Monday, December 17, 2007

Wedding Soup

My Grandma would make Wedding Soup for every holiday on which she wasn't serving pasta. Okay, that wasn't too many, but we still all looked forward to Wedding Soup. I was an adult before I realized that it wasn't called Meatball Soup!

Grandma would buy a good stewing chicken. As I've said before, I don't know how she could tell a good stewing chicken from a bad stewing chicken, but apparently she could. She would put water in a big pot, along with the chicken, some spices and carrots, celery, and onions. She would cook this until it was done. I have no clue how to determine doneness, but when I can wiggle the bone of part of the chicken and it just falls off, then I know it's done. This is the time to strain the whole pot, and SAVE THE BROTH. I didn't do that once. Hey, it was late at night and I was tired, and when I was finished I just stood there and cried. I had stayed up late to make chick broth and then dumped it all down the drain. Anyway, after all that, you can do what you want with the vegetables and the chicken. I usually toss the vegetables and pick apart the chicken to use later.

(Again, don't ask me how long it would take, because I can't be sure. I also don't know how much of the spices and vegetables to put in. She never gave me "amounts" just told "you'll know when it's enough." I let it go for about an hour and a half on simmer.)

In the meantime, she would take the meat from the butcher shop (3 parts ground chuck and 1 part ground pork), mix it with 1 egg per total pound of meat, then add some seasoning salt, parsley, along with some salt and and pepper. I have NO CLUE as to how much of the seasonings to add...I just add them until it looks good.

After that's all mixed up, it's time to roll the meatballs. Oh man, this is a challenge. One time my Aunt D (my mom's sister) flew in from California for the holidays. She was helping Grandma make the soup. For an HOUR she continually asked Grandma if the meatballs were small enough and Grandma always told her they were. Aunt D left the kitchen for a minute, and when she came back, Grandma was putting ALL THOSE MEATBALLS TOGETHER into the bowl. When Aunt D asked her WHY, Grandma said that they were too big!!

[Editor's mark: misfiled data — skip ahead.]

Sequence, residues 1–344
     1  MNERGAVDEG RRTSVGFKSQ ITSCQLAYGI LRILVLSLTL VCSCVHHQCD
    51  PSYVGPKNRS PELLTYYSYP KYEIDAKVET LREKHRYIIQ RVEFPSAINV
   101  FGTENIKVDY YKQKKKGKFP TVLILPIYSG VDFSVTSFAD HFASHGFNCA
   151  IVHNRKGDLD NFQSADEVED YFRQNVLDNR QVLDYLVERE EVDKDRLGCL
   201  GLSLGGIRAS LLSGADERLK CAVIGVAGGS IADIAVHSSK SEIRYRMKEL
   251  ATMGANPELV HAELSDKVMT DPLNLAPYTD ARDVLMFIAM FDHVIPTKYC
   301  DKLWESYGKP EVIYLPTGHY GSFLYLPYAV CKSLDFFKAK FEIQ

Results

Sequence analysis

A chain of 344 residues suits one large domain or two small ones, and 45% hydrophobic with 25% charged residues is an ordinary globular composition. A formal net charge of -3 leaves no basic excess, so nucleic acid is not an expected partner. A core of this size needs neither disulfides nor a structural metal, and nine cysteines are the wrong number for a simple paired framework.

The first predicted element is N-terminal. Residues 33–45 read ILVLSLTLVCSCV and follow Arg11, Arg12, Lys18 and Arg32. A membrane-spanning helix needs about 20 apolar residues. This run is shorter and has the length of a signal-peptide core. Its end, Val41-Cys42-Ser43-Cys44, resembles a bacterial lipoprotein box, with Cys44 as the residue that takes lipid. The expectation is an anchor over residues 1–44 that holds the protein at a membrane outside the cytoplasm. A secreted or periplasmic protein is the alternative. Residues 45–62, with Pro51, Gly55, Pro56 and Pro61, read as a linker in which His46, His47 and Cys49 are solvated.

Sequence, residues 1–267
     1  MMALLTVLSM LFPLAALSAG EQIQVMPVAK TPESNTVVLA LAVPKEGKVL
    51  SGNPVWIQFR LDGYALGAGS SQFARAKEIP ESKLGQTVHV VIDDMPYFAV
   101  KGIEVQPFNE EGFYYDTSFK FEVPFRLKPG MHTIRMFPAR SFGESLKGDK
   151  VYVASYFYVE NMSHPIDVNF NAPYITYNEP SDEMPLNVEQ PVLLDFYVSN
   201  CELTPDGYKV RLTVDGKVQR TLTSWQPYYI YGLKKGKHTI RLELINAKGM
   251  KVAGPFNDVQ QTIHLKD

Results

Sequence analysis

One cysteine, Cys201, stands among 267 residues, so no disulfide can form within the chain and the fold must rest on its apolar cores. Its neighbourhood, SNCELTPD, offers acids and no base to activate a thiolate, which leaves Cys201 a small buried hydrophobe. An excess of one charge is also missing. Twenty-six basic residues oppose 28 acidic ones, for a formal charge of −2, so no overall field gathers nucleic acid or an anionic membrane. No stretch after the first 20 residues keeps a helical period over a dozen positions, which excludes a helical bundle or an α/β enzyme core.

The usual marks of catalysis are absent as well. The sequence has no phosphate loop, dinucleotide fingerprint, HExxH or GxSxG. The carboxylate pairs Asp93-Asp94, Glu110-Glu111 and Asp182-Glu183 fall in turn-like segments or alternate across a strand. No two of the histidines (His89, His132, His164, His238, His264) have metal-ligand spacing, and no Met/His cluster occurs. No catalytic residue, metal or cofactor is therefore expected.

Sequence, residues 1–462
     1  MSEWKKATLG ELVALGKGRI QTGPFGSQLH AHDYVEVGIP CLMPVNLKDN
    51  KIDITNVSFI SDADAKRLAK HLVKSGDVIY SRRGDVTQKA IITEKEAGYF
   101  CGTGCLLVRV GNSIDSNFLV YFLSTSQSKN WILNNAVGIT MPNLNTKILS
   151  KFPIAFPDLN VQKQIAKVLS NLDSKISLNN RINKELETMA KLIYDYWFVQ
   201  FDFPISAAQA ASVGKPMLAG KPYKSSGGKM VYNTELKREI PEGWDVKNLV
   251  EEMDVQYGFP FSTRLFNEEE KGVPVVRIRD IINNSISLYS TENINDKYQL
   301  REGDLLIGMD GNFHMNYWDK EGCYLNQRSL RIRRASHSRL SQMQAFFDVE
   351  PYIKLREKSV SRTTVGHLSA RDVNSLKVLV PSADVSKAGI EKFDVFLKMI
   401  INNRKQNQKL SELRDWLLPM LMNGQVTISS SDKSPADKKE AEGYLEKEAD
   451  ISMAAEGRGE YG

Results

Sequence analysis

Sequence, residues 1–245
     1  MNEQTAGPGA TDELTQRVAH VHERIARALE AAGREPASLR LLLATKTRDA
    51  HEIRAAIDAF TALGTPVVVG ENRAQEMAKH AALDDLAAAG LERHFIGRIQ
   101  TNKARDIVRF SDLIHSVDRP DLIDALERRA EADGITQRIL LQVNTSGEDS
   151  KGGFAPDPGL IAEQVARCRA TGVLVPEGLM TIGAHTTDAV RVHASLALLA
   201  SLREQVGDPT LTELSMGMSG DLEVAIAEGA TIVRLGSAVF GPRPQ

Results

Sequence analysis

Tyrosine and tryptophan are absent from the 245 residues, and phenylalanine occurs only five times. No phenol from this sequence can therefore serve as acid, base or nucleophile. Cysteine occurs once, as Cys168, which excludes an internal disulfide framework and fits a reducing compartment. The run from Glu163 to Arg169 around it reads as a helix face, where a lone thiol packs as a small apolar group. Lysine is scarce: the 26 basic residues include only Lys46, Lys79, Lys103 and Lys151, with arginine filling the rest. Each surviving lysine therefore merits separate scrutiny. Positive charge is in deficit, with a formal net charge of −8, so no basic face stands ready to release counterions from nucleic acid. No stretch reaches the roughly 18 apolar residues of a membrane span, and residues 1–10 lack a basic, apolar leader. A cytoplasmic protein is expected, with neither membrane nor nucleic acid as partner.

So the key to the right size meatball is this: they should be NO bigger than the pink part of the fingernail of your pinkie finger. And sometimes even THAT is too big!

When I make the meatballs for the soup, I enlist the assistance of those who will also be eating it. All four of us sit down at the kitchen table with a little bowl of oil. You need just a dab of oil on your hands so that the meatballs don't stick and get icky when you're rolling them. Of course you need to dab your fingers in the oil about every minute or so. Once we get a nice size bowl of meatballs rolled, I take them over to the the stove, heat up water and parboil them for about 3-4 minutes. After draining them, I put them out on paper towels so all the water and any little bits of oil can drain. By this time, there are more meatballs ready to be boiled, and it becomes a repetitive process. I occasionally need to go back over to the meatball forming process and toss some back into the mix because they''ve got it...TOO BIG.

Once all the meatballs are finished and have been parboiled, you can refrigerate them for later or continue on. I usually refrigerate them until I'm going to actually make and serve the soup.

To make the soup, I start with a couple of cans of College Inn chicken broth (okay, so it's cheating...but just a little...give me a break). Then I add the chicken broth that I made from the turkey and if I think it needs a little more chicken flavor, I'll toss in a few cubes of chicken bouillon. Then I add chopped carrots and celery. All I do is put them in the food processor and do a quick pulse a few times. That's it. Grandma used to chop them all up by hand. Wow...I would cut off a finger or two.

After the vegetables have been in the broth for 2o minutes or so, I put in the meatballs. When the meatballs are heated through, then it's done. Except for the toast pieces. We make toast and cut it into cubes to add to the soup after it's been dished out.

Meatball soup is all in how you were raised. Some people put an egg in it at the end. I don't. Every once in a while, we'll add some pastina to it at the end, but not very often. Pastina is tiny little pasta, about the size of rice. Some people like escarole or endive or spinach in their wedding soup. We don't. And then some people like to put chicken in their soup, along with the meatballs. We don't. I usually like to add some parmesan cheese to mine, and the heat makes the cheese all stringy. Mmmmmmmmmmmmmmmm.....

My Grandma fixed the soup just how my Grandpa liked it and that's what I'm used to.

I've had some good Wedding Soup at restaurants. I've also had some LOUSY Wedding Soup at restaurants. I'm usually willing to give it a try, but if the meatballs are big, forget it. The best restaurant Wedding Soup I've had is from Bravo.

So that's it for Wedding Soup...I think I might have to make some this weekend.